Skeptics believe the Jersey Devil to be nothing more than a creative manifestation of the English settlers, Bogeyman stories created and told by bored Pine Barren residents as a form of children's entertainment, and rumors arising from negative perceptions of the local population ("pineys"). According to Brian Dunning of Skeptoid, folk tales of the Jersey Devil prior to 1909 calling it the "Leeds Devil" may have been created to discredit local politician Daniel Leeds who served as deputy to the colonial governor of New York and New Jersey in the 1700s.[20] Folklorist Jan Harold Brunvand wrote that the spread of contemporary pop culture has overtaken traditional Jersey Devil legends.[21] Jeff Brunner of the Humane Society of New Jersey thinks the Sandhill Crane is the basis of the Jersey Devil stories, adding, "There are no photographs, no bones, no hard evidence whatsoever, and worst of all, no explanation of its origins that doesn't require belief in the supernatural."[22] Outdoorsman and author Tom Brown, Jr. spent several seasons living in the wilderness of the Pine Barrens. He recounts occasions when terrified hikers mistook him for the Jersey Devil, after he covered his whole body with mud to repel mosquitoes.

One New Jersey group called the "Devil Hunters" refer to themselves as “official researchers of the Jersey Devil", and devote time to collecting reports, visiting historic sites, and going on nocturnal hunts in the Pine Barrens in order to "find proof that the Jersey Devil does in fact exist."[23]

Popular culture[edit]

The Jersey Devil has become a cultural icon in the state, inspiring several organizations to use the nickname. In professional hockey, the Eastern Hockey League Jersey Devils played from 1964 through 1973. When the National Hockey League Colorado Rockies relocated to New Jersey in 1982, a fan poll voted to rename that team the New Jersey Devils.[24][25]

The Jersey Devil has also appeared in many television shows, movies, video games and other media.

See also[edit]

References[edit]

  1. ^ The Jersey Devil, by James F. McCloy and Ray Miller, Jr., Middle Atlantic Press. ISBN 0-912608-11-0
  2. ^ "The Jersey Devil & Pine Barrens Folklore - New Jersey Pine Barrens - Pinelands Preservation Alliance". Pinelandsalliance.org. Retrieved 2014-01-04. 
  3. ^ "The Jersey Devil - Paranormal". Bellaonline.com. Retrieved 2014-01-04. 
  4. ^ "devil". Vernonkids.com. Retrieved 2014-01-04. 
  5. ^ Mallowe, Mike, "The Enduring Reign Of The Jersey Devil" The Bulletin (Philadelphia), October 30, 2008
  6. ^ Documents Relating to the Colonial History of the State Of New Jersey, 1st Ser., Vol. XXX Ed. A. Van Doren Honeyman, (Union-Gazette, Somerville, N.J.)1918.
  7. ^ Rundstrom, Olive Conover, "Daniel Leeds and his Descendants", Atlantic County Historical Society Year Book, vol. 6, no. 4, p. 156 (1971)
  8. ^ S. E. Schlosser. "Joseph Bonaparte and the Jersey Devil". Retrieved 2010-01-05. 
  9. ^ Daily Times of Woodbury, December 15th, 1925, quoted in, Moran, Mark and Sceurman, Mark (2004). Weird N.J.: Your Travel Guide to New Jersey's Local Legends and Best Kept Secrets. Barnes & Noble. P. 107.
  10. ^ Laura K. Leuter (1937-07-28). "The Devil Hunters - Official Researchers of the Jersey Devil". Njdevilhunters.com. Retrieved 2014-01-04. 
  11. ^ "CNBNEWS.NET: In 1909 the Jersey Devil was sighted in Gloucester". Gloucestercitynews.net. 2007-02-28. Retrieved 2014-01-04.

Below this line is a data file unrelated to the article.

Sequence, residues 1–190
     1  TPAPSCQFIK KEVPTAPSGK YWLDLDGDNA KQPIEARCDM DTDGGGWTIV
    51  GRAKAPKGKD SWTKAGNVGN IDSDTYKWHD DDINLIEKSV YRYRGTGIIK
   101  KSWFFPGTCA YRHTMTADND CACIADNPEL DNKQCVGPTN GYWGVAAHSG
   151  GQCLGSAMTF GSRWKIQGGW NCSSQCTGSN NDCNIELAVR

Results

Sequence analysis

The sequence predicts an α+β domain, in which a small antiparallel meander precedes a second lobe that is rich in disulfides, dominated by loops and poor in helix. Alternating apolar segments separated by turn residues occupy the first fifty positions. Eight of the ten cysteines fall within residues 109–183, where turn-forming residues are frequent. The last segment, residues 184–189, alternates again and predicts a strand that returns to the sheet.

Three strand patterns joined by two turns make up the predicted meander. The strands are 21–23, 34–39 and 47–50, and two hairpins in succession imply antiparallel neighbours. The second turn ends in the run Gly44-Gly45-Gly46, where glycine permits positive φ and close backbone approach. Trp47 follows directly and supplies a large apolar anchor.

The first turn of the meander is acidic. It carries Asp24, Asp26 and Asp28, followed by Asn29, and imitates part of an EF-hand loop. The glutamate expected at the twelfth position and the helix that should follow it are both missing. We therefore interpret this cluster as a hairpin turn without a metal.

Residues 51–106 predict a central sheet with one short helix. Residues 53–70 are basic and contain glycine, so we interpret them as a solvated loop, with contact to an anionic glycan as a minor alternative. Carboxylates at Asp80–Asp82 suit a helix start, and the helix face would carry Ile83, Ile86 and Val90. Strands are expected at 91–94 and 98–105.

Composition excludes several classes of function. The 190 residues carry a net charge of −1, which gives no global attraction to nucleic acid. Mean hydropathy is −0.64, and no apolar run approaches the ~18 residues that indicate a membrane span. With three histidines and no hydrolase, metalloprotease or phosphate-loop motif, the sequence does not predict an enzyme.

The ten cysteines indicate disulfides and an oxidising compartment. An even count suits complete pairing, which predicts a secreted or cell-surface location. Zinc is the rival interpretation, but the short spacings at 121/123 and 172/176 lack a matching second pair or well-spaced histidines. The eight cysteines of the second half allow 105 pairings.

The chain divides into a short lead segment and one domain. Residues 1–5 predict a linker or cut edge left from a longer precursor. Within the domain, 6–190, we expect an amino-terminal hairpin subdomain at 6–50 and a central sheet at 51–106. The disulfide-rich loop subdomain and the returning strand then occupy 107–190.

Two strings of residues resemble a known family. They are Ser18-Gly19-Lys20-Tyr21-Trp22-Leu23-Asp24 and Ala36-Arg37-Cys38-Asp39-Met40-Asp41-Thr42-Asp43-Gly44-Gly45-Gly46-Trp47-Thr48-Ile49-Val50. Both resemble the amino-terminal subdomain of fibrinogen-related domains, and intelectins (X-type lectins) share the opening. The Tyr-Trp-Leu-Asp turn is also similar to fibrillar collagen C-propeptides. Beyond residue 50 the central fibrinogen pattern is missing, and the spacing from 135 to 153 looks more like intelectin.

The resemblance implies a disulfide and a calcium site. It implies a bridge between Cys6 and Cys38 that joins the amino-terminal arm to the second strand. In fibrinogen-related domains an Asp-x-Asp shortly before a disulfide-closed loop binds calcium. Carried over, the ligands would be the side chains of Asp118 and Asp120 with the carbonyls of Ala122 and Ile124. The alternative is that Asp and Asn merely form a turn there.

12. ^ McNab, Chris (2007). Mythological Monsters. New York: Scholastic, Inc. ISBN 0-439-85479-2. 
  13. ^ "h2g2 - The Legend of the Jersey Devil". Bbc.co.uk. 2006-12-02. Retrieved 2014-01-04. 
  14. ^ "Legend of the New Jersey Devil". Retrieved 2010-02-01. 
  15. ^ Moran, Mark and Sceurman, Mark (2004). Weird N.J.: Your Travel Guide to New Jersey's Local Legends and Best Kept Secrets. Barnes & Noble. PP. 104-5.
  16. ^ Moran and Sceurman(2004). P. 105.
  17. ^ "The New Jersey Historical Society". Jerseyhistory.org. 2000-10-26. Retrieved 2014-01-04. 
  18. ^ Fair, Susan (2013), Mysteries and Lore of Western Maryland. Charleston, South Carolina: The History Press, PP. 16-23, "The Snallygaster."
  19. ^ "The Jersey Devil Legend". Thefixsite.com. Retrieved 2014-01-04. 
  20. ^ Dunning, Brian. "The Jersey Devil". Skeptoid #282 November 01, 2011. Skeptoid.com. Retrieved 26 January 2012. 
  21. ^ Brunvand, Jan Harold (1998). American folklore. Taylor & Francis. ISBN 978-0-8153-3350-0. 
  22. ^ "The Devil Went Down To Jersey". Archives.citypaper.net. Retrieved 2014-01-04. 
  23. ^ Barry, Dan (8 September 2008). "THIS LAND; In the Wilds of New Jersey, a Legend Inspires a Hunt". The New York Times. p. 14. 
  24. ^ Mifflin, Lawrie; Katz, Michael (1982-06-30). "SCOUTING; 'Jersey Devils' Wins Name Poll". The New York Times. 
  25. ^ "Jersey Devils - hockey uniforms". sportsK. Retrieved 3 February 2012. 

Further reading[edit]

  • Weird NJ: Your Travel Guide to New Jersey's Local Legends and Best Kept Secrets by Mark Sceurman and Mark Moran, Barnes & Noble ISBN 0-7607-3979-X
  • The Jersey Devil, by James F. McCloy and Ray Miller, Jr., Middle Atlantic Press. ISBN 0-912608-11-0
  • Tales of the Jersey Devil, by Geoffrey Girard., Middle Atlantic Press. ISBN 0-9754419-2-2
  • A Natural History of Trees of Eastern and Central North America, by Donald Culross Peattie, pp. 20–23.
  • The Tracker, by Tom Brown, Jr.
  • William Grimstein's Devil of Jersey, by Billy Staggs. ISBN 978-1-4343-0873-3
  • The Domestic Life of the Jersey Devil, or, BeBop's Miscellany by Bill Sprouse, Oyster Eye Publishing (2013). ISBN 978-0-9899522-0-0.
  • Wyrd: A Personal Journey Into the Beliefs and Philosophies of the Known and Unknown by Montgomery JG, CFZ Press Devon 2014 pp 216-219

External links[edit]